After trips to Boca Raton for Guinness, trips to Starbucks for coffee, trips to delis for sandwiches and pickles, and trips to the poolside in the early hours of the morning for post-performance wind-downs, I can say that the musical theatre life is rather a rewarding and superb one (of course, I didn’t have to do any of that “working” bit). 

Last Bit!

And just to close, I have to send a few messages to the musicians with whom I spent the most time… 

To the trombonist: I win. You will never get me inside an Outback Steakhouse. 

To the trumpeter: It only took me four attempts today to turn on my computer with my stick. I’m getting better at this. 

To the accordionist: I promise to relay your message to “the old girl” when I see her – and maybe, one day, you’ll be able to in person. 

To the flautist: Your smile. *hug* 

To the violinist: I wish I could entertain everyone so much simply by referring to petrol stations. 

To the music director: Awed by your talent. And thank you. 

Dibs on the feather-rigged pillow. And the butter churn. I'm rather tired of making my own butter by hand every morning.

* Apparently, one’s reaction time after getting 6 hours of sleep in 48 hours is not so stellar. Apparently, one doesn’t bother to run one’s hand under cold water, much less look for medication, when one gets a nasty burn from pulling a pie out of the oven after getting 6 hours of sleep in 48 hours. Apparently, this results in a rather a lot of hurty later on.

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And if our good fortune never comes,
Here’s to whatever comes,
Drink l’chaim, to life!

Donald Westwood, executive producer of AIM Management’s Fiddler on the Roof introduced the show by thanking us, the audience, for “taking a chance” on the new company. Fiddler on the Roof is AIM Management’s inaugural production, and Westwood informed us we were pioneers with immense power over the future of the theatrical arts in Savannah (and, perhaps, the success of the company itself).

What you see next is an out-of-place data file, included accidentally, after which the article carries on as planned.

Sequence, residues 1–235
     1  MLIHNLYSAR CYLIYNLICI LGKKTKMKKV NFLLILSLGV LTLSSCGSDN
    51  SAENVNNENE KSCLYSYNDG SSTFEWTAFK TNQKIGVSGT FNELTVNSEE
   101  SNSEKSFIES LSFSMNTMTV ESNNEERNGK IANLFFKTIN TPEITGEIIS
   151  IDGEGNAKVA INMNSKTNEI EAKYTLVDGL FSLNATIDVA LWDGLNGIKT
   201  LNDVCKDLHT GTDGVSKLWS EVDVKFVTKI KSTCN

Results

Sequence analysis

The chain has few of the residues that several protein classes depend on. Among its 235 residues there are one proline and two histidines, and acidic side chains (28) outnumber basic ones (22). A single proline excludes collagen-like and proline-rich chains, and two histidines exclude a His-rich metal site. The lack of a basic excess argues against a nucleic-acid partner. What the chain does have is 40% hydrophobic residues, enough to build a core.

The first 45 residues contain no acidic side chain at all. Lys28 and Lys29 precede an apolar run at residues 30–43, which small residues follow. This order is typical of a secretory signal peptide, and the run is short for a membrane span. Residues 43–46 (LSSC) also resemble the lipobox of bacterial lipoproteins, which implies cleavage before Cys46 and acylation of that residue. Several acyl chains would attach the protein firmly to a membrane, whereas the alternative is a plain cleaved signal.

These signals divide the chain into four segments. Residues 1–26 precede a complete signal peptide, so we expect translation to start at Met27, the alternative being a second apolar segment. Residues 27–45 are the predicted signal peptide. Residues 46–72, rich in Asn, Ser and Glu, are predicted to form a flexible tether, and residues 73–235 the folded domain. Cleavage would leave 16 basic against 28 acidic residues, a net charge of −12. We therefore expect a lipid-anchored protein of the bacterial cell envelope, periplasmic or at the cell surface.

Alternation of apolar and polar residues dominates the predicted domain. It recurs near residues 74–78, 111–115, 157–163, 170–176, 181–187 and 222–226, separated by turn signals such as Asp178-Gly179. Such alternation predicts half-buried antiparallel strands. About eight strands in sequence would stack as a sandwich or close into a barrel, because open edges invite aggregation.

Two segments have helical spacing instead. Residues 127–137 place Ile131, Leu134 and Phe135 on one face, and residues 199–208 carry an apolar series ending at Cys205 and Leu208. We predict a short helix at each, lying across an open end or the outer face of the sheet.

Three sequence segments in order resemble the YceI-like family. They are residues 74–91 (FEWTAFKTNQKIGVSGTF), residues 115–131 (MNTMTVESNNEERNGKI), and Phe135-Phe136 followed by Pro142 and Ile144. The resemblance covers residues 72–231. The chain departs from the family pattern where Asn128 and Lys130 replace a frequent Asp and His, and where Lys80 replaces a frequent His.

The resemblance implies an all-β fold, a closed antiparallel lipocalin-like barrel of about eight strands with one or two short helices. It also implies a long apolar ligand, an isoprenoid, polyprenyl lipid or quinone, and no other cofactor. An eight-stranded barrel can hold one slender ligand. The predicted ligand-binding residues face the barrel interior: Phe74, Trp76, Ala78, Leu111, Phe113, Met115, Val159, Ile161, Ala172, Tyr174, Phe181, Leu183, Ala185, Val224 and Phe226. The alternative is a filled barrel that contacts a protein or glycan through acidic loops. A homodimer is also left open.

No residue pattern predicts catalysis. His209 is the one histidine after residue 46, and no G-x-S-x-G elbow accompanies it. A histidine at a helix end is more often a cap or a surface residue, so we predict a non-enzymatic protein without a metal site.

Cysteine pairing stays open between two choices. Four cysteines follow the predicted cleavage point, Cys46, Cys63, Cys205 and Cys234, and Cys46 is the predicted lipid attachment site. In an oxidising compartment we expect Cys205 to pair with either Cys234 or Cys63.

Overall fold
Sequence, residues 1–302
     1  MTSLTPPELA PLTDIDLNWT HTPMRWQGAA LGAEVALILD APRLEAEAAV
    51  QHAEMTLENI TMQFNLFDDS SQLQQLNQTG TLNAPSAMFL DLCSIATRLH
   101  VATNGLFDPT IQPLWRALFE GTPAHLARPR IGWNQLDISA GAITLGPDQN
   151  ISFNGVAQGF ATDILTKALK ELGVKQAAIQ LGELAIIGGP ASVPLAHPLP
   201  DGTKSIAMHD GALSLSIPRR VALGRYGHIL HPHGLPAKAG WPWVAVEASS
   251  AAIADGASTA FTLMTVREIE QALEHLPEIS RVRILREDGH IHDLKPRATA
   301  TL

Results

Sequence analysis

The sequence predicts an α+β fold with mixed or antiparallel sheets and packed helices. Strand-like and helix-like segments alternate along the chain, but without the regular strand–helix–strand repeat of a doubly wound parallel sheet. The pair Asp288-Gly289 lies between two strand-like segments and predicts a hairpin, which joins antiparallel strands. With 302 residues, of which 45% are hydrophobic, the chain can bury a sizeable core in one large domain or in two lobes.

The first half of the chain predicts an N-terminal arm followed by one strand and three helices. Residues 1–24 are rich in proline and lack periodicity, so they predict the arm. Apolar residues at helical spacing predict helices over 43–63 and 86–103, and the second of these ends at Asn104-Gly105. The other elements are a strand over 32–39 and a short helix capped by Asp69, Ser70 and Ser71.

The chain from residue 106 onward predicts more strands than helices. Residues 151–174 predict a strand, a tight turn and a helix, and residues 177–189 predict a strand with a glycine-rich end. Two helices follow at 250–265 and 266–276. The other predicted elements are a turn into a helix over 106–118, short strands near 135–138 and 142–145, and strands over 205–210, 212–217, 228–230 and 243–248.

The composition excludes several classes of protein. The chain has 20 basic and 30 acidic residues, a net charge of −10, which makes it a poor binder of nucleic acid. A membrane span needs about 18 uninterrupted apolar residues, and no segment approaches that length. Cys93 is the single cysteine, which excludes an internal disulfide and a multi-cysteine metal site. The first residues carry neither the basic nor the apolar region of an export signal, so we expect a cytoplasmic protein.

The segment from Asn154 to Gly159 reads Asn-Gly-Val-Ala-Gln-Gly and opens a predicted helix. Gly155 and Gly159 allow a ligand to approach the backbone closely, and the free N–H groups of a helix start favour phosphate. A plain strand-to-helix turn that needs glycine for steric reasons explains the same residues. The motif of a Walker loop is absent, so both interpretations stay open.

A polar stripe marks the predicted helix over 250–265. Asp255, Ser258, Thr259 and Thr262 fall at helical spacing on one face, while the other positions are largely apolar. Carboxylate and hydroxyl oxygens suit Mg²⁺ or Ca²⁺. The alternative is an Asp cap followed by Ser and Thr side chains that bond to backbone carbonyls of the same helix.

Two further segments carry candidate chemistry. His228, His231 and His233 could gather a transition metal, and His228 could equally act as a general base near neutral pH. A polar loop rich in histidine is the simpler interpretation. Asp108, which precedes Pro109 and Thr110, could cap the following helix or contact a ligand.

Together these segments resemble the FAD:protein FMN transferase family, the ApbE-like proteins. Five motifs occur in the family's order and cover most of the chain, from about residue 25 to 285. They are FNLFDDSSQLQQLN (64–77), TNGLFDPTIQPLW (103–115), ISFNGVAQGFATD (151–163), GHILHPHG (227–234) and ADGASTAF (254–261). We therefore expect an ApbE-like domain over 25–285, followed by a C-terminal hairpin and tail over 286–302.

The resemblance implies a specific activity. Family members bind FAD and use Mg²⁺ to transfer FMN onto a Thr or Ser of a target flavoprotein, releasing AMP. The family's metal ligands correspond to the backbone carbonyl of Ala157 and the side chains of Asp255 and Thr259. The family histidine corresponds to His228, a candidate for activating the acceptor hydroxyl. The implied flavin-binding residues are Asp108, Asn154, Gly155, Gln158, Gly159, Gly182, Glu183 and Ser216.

Well, if I do have any such power, I here use it to proclaim that AIM Management’s production of Fiddler on the Roof is entirely brilliant and a delight to watch. The story of Fiddler on the Roof is itself filled with poignancy and humour, yet it takes a passionate and talented cast to bring the tale’s evocation of family, community, human interaction, prejudice, oppression and, above all, love to life. Luckily for AIM Management (and the audiences), its performers, musicians, and stage crew have passion and talent to spare.

Lucas Theatre, Savannah

The Lucas Theatre

From my centre seat in the front row, I was able to watch both the musicians and the faces of the ensemble cast as well as the main characters, and it was a joy to see how dedicated the performers were and how much fun the musicians were having. I thoroughly enjoyed seeing the musicians (when they weren’t busy playing beautifully, of course) watch the show and laugh along with the audience, despite the fact that they must have seen the show countless times in performances and rehearsals. There seemed to be a real camaraderie amongst the company (or else they’re even better actors than I thought). This not only made me miss my days of playing in a musical ensemble, but ensured I had to fight the urge to sneak on stage during the lyrical and heart-wrenching rendition of “Sunrise, Sunset”, because all I wanted at that moment was to be a part of the music and story.